That was one of the two main themes that our caucus on post-secondary education and research picked up from hundreds of representations that we have received from across the country, that basic research in the country, the actual performing of research in the hospitals, in the colleges, in the universities, now needed important support because the government in the previous budget had moved on the infrastructure side of research.
The letter goes on:
Our second theme concerns improving accessibility of students to college, CEGEP, university and other post-secondary training institutions. We believe that this is something which goes beyond further reform and revitalization of student loans programs (important though they may be). We would like to canvass topics such as student employment, further support for students' families and special provisions for disadvantaged students.
We would hope that you will address these themes in your upcoming budget—
That was the letter which was the basis of a discussion some weeks ago with the Minister of Finance. I want to thank the minister on behalf of the students, the professors and the researchers of our colleges, CEGEPs, universities, hospitals and institutes across the country for his response to these well supported requests from the higher education community.
I have always believed that the way you do things is as important as what you do. This is true in everyday life for each of us as we go about our business and our social affairs, but it is particularly important for governments.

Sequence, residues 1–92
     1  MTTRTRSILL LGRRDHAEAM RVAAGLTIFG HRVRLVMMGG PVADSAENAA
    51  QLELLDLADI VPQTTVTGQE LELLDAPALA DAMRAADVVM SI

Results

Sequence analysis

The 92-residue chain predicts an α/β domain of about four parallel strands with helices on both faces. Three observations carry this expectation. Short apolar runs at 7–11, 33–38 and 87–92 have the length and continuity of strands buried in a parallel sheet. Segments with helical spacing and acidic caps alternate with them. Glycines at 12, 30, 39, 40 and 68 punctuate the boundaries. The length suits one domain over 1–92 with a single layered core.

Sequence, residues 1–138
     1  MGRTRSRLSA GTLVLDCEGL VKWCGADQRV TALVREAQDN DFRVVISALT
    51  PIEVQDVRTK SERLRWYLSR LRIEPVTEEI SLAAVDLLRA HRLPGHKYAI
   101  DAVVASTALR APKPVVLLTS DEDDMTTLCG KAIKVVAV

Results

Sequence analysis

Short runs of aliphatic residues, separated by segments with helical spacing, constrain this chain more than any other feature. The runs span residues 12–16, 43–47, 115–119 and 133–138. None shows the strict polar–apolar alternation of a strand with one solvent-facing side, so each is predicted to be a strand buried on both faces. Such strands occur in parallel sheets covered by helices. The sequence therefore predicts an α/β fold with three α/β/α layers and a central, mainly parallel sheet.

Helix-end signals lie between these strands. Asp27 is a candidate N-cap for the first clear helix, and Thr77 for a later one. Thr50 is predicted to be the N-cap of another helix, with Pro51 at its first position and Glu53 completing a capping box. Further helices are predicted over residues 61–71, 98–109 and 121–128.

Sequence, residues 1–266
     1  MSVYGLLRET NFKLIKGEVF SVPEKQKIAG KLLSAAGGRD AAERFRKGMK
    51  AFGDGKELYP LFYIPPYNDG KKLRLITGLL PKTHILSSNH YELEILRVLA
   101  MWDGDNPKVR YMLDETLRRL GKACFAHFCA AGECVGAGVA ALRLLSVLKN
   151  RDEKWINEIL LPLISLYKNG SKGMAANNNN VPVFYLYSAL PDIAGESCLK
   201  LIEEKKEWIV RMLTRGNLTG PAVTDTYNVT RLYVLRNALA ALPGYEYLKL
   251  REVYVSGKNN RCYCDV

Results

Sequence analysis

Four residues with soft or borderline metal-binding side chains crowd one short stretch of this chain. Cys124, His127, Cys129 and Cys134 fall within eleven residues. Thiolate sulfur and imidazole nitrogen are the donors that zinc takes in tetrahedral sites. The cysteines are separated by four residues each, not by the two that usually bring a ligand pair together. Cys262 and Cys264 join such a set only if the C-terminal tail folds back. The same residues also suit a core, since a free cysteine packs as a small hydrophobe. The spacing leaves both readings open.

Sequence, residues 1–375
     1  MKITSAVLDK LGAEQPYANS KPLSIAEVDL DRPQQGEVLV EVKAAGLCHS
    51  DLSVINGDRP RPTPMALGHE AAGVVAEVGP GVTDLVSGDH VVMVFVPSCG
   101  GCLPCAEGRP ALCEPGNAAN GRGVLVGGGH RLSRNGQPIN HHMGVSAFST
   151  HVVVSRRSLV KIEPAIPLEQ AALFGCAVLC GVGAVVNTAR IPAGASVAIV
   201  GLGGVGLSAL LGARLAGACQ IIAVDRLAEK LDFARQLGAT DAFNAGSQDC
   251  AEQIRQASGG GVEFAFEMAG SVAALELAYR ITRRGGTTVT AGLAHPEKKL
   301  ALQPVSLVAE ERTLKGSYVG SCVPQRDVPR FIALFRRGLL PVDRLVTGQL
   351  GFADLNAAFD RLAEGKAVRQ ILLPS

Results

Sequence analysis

I believe it is very, very important that the deficit has been eliminated. For me, the way it has been done is equally important. We have tried over the last three or four years to eliminate the deficit in as humane a way as was possible. That is very important. From the beginning we had a plan which, while downsizing was going on, involved reinvestment in various areas such as higher education as I have been discussing, but also with early childhood education, prenatal and postnatal programs and things of that type. In that sense it has been done well.
It was done well in the sense that when we cut the federal system, we cut it strategically, targeting some areas for large cuts and some for small cuts. It was also done well in the sense that we timed the cuts, for example we gave the provinces notice and time to adjust to the changes.
I am delighted with this budget and with the results that we have achieved. I am equally delighted with the way in which we have arrived at this point.